The dream of a united ANC seems to be slipping further away after the party’s secretary general, Ace Magashule, released a statement late on Wednesday, calling national executive committee (NEC) member Derek Hanekom an “EFF sleeper”.
This comes after EFF leader Julius Malema alleged that Hanekom conspired with the party to oust former president Jacob Zuma via a motion of no confidence in the National Assembly.
Malema claimed Hanekom handed over a list of ANC MPs who would vote against Zuma. He also told his supporters that Hanekom was prepared to form a splinter party if President Cyril Ramaphosa did not defeat Nkosazana Dlamini-Zuma at the party’s 2017 national elective conference.
On Wednesday, Hanekom admitted meeting EFF secretary general Gordrich Gardee. However, when he responded to a query from News24, he initially denied that there was anything sinister about it.
In an SMS, Hanekom seemed to suggest to News24 that Gardee requested the meeting, calling it his “initiative”.
“I have said – not admitted – that at the time I met Gardee. His initiative, not mine. There is nothing with meeting a fellow MP, which is what we were at the time.”
Later, after a Kader Asmal lecture in Sandton, Johannesburg, on the same night, Hanekom said his meeting with the EFF was of a common interest as it was during a “difficult time in South Africa’s history”.
He also said “there is no way” he could have refused to have a meeting of that nature with fellow parliamentarians.
Reacting to the news, Magashule accused his fellow NEC member of being a “wedge driver” on a mission to divide the ANC.
“Indeed this charlatan is making his mark through his ownership of the Ahmed Kathrada Foundation. Hanekom does not have the capacity to form a new political party, but he has shown remarkable agility in his efforts to divide the ANC.
“Well, we say to him and other EFF sleepers in the ANC, this only makes the members of the NEC, PEC (provincial executive committee), REC (regional executive committee) and branches more determined to unite the ANC and deliver services to the people of South Africa. We will ride this storm of accusations and counter-accusations,” Magashule said in a statement.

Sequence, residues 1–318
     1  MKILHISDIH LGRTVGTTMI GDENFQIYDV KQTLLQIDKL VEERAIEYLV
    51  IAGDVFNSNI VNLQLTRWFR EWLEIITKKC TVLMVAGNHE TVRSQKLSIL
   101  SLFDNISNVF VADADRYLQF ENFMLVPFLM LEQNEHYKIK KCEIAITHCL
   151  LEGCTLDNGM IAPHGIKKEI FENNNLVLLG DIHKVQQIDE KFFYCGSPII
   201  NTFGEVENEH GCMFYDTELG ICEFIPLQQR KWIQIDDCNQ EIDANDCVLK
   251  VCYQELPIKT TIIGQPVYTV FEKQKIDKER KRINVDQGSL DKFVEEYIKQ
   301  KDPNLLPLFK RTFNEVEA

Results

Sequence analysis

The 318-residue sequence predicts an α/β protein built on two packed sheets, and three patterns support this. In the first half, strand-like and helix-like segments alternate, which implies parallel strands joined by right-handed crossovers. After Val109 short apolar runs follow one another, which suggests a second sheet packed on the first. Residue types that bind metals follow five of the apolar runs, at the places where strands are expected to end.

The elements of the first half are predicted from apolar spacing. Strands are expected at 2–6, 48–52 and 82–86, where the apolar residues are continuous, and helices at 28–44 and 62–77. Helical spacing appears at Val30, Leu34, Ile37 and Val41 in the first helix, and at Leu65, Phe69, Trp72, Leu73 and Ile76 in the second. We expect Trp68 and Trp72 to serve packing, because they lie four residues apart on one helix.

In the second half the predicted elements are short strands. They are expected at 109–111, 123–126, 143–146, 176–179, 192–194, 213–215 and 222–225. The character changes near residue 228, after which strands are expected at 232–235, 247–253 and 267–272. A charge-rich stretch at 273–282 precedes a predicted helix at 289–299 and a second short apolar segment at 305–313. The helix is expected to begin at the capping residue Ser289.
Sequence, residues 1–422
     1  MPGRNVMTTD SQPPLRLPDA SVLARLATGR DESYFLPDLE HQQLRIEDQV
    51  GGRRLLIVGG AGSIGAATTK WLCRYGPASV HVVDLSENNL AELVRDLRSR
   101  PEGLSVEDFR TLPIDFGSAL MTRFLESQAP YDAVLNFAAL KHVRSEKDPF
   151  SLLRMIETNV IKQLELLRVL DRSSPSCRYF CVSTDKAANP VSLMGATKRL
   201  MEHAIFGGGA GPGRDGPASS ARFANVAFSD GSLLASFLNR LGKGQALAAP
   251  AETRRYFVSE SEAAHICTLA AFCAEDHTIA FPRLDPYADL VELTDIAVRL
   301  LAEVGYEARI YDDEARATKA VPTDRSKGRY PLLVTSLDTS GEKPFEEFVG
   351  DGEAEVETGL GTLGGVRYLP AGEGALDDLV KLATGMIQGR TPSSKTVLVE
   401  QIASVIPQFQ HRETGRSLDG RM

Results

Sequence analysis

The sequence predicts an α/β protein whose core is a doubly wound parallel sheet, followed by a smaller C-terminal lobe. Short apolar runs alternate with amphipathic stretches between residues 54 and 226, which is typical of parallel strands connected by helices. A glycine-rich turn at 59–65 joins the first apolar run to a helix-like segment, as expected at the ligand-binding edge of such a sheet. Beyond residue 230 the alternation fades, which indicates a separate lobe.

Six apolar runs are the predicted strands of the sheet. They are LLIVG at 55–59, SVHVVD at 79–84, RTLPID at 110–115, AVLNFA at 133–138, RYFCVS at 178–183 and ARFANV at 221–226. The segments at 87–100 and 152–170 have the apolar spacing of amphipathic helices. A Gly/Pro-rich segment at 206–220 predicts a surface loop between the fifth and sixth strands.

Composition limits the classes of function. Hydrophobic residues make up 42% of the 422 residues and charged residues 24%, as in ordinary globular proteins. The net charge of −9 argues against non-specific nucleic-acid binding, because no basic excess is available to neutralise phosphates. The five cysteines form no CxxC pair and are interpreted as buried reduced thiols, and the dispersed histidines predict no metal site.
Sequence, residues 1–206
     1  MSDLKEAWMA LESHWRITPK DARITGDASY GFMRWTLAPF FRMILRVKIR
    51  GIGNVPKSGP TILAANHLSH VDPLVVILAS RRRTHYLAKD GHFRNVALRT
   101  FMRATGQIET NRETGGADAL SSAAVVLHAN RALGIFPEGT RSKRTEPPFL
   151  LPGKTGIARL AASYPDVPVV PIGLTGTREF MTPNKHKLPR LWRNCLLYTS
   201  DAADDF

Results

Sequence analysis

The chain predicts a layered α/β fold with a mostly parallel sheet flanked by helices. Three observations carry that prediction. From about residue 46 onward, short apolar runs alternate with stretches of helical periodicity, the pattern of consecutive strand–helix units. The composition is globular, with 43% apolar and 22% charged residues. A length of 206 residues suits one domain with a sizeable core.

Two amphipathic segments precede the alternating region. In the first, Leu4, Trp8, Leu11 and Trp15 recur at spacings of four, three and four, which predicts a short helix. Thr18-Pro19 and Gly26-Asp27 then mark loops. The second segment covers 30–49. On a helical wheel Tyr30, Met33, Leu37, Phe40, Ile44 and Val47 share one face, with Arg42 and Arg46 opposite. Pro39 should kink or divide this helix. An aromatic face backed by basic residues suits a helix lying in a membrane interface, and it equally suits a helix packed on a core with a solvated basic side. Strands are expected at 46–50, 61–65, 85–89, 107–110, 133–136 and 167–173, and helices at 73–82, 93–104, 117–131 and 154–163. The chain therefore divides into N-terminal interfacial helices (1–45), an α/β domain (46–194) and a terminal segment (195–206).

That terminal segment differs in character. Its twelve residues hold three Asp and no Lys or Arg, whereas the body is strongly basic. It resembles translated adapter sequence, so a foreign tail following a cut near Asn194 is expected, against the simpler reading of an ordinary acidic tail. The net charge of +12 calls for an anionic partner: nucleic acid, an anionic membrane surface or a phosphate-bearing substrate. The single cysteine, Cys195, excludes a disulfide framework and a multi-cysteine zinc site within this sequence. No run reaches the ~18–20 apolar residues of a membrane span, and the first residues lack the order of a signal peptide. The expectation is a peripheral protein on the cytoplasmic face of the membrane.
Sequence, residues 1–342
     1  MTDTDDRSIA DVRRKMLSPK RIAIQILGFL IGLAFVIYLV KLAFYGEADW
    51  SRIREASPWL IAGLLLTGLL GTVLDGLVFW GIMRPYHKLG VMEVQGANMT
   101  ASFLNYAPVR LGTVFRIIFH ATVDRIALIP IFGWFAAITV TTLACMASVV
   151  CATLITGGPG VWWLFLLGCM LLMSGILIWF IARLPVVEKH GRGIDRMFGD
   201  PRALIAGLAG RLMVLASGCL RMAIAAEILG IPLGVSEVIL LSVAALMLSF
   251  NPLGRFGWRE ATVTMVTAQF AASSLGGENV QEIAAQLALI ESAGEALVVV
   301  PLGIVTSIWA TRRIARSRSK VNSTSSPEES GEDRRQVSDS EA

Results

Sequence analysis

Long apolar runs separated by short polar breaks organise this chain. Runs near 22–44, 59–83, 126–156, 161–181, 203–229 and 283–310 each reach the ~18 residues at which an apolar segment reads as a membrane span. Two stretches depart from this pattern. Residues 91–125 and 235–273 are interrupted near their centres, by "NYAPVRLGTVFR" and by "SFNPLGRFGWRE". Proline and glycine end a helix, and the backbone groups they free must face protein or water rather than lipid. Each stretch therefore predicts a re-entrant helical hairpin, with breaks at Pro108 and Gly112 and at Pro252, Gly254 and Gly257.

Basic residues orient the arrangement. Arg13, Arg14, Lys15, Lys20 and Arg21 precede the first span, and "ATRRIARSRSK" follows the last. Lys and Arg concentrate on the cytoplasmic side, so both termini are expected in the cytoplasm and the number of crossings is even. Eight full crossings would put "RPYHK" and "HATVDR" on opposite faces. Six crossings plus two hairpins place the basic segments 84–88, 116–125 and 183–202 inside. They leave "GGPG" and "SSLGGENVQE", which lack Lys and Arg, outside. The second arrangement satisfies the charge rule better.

Magashule said it was Hanekom “and others” who pressured the speaker of the National Assembly at the time, Baleka Mbete, to approve the EFF’s demand for a vote of no confidence to be held via secret ballot. The secretary general did not reveal who the “others” were.
Hanekom denied the existence of a list of MPs and said: “I think there was kind of an assessment of what we are trying to achieve (ousting Zuma) and is it possible to achieve it though parliamentary means and can we achieve it through parliamentary means. What would be the ANC’s attitude towards it?
“Of course, political parties were discussing how to deal with a particularly difficult time in South Africa’s history … our country was facing a country crisis centred around our then president [Jacob Zuma].
“I think a lot of fuss was made [about] something that is relatively insignificant because most of what was said was known. By the way, I never made it a secret that I had these meetings because there is nothing secret about it.”
Reacting to Hanekom’s statement, Gardee said there were several meetings between the EFF, SACP leader Solly Mapaila and Hanekom, News24 earlier reported.”
I have nothing to say. It is confirmed that there were several meetings with Derek [Hanekom] and Solly Mapaila. It does not matter who initiated it. I can’t give you the juicy part… What is important is that he has confirmed.
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